Maybe the lack of sleep and the work stress are somewhat related.

17 June, 2008

Greatly Missed


A tunnel, unexpected. The carriage lights
we didn’t notice weren’t on prove their point
and a summer’s day is cancelled out, its greens
and scattered blue, forgotten in an instant

A Tunnel, by Paul Farley

Maya’s Granny was a woman I got to know through her blog, but never had the privilege to meet in real person. She’s been having difficulties with her health since last winter and sadly suffered a heart attack and died two days ago.

Her blog is filled with warm loving tellings of her family, funny antidotes of her life in Alaska, and outrageous rants about love, life, politics and everything in between. Maya’s Granny helped many of us bloggers find our voices, she shared so much of her life with us and she will be greatly missed.

14 June, 2008

Short-term Strain

While looking through a filled journal this morning, I cam upon the saying,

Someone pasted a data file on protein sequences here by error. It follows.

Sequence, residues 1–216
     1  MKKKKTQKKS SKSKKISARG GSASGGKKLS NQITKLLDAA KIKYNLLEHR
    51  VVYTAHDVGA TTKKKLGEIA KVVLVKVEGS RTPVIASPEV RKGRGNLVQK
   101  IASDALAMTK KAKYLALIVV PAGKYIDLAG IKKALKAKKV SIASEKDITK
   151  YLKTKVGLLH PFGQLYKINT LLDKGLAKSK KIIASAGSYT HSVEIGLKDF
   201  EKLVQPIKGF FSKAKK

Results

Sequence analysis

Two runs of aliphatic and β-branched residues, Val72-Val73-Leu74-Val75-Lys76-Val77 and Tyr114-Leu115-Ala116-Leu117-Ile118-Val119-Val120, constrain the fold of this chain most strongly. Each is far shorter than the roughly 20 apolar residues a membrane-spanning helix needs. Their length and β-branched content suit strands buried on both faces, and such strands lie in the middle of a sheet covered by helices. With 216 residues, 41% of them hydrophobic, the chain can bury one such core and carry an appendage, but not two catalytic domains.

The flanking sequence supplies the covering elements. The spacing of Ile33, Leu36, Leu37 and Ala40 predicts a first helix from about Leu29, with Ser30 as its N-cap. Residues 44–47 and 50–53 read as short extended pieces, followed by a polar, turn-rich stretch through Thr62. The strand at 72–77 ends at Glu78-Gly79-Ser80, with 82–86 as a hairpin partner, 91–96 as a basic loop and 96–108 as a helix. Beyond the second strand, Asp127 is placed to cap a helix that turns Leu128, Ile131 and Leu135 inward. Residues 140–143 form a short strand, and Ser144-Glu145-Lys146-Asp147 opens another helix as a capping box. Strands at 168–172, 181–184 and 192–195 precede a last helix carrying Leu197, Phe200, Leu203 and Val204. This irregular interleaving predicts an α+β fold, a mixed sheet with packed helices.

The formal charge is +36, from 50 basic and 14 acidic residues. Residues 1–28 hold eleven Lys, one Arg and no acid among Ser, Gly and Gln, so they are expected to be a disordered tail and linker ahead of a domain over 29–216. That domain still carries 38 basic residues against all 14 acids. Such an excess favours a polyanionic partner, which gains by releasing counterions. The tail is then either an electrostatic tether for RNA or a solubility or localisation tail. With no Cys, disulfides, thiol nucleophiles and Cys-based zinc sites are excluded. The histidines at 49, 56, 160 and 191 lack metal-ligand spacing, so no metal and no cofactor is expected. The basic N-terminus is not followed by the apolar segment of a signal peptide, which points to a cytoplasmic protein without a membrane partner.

Short-term pleasures often result in long-term detriment. Whereas, choosing short-term stain can lead to long-term benefits.”

I don’t know where I tripped across this saying. I don’t even remember writing it down. So far, June has been a choosing of short-term strain. My sanity rests on the knowledge that, come the end of June, two of my four work commitments come to end.
Come the beginning of July, I will have more time on my hands. Idle time, to indulge in leisure pursuits. Time to expand my brain, move my body, and rest my spirit. Ah, the joys of anticipation.

13 June, 2008

Grenadian Theme

This is another in my Grenadian theme collages. I'm making them up as possible postcard motifs to sell in Grenada. So far I like the motif with the woman and this one. I don't favour yesterday's collage at all; it just doesn't hold together. Oh well, it was a good try.